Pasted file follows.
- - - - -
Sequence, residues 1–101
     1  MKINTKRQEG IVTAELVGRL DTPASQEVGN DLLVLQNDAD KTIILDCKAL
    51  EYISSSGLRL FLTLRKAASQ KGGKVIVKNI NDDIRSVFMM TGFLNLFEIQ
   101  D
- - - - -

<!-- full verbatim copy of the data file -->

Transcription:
Sequence, residues 1–101
     1  MKINTKRQEG IVTAELVGRL DTPASQEVGN DLLVLQNDAD KTIILDCKAL
    51  EYISSSGLRL FLTLRKAASQ KGGKVIVKNI NDDIRSVFMM TGFLNLFEIQ
   101  D